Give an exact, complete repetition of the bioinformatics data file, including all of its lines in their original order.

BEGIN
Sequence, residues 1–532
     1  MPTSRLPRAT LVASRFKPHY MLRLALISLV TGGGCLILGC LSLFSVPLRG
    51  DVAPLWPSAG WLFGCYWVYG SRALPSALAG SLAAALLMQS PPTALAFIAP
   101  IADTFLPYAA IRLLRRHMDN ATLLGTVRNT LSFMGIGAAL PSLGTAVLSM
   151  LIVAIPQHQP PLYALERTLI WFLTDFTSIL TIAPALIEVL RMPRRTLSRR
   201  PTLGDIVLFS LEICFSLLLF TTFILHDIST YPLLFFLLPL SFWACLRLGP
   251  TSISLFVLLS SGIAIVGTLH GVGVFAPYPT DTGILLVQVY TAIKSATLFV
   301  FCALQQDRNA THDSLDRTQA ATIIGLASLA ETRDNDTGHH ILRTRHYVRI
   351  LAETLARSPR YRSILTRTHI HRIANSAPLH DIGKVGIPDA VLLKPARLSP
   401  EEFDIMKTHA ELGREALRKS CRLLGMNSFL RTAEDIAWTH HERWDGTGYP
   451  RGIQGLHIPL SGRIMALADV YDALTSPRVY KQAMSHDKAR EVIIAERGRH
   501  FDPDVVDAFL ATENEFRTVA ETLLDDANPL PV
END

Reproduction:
Sequence, residues 1–532
     1  MPTSRLPRAT LVASRFKPHY MLRLALISLV TGGGCLILGC LSLFSVPLRG
    51  DVAPLWPSAG WLFGCYWVYG SRALPSALAG SLAAALLMQS PPTALAFIAP
   101  IADTFLPYAA IRLLRRHMDN ATLLGTVRNT LSFMGIGAAL PSLGTAVLSM
   151  LIVAIPQHQP PLYALERTLI WFLTDFTSIL TIAPALIEVL RMPRRTLSRR
   201  PTLGDIVLFS LEICFSLLLF TTFILHDIST YPLLFFLLPL SFWACLRLGP
   251  TSISLFVLLS SGIAIVGTLH GVGVFAPYPT DTGILLVQVY TAIKSATLFV
   301  FCALQQDRNA THDSLDRTQA ATIIGLASLA ETRDNDTGHH ILRTRHYVRI
   351  LAETLARSPR YRSILTRTHI HRIANSAPLH DIGKVGIPDA VLLKPARLSP
   401  EEFDIMKTHA ELGREALRKS CRLLGMNSFL RTAEDIAWTH HERWDGTGYP
   451  RGIQGLHIPL SGRIMALADV YDALTSPRVY KQAMSHDKAR EVIIAERGRH
   501  FDPDVVDAFL ATENEFRTVA ETLLDDANPL PV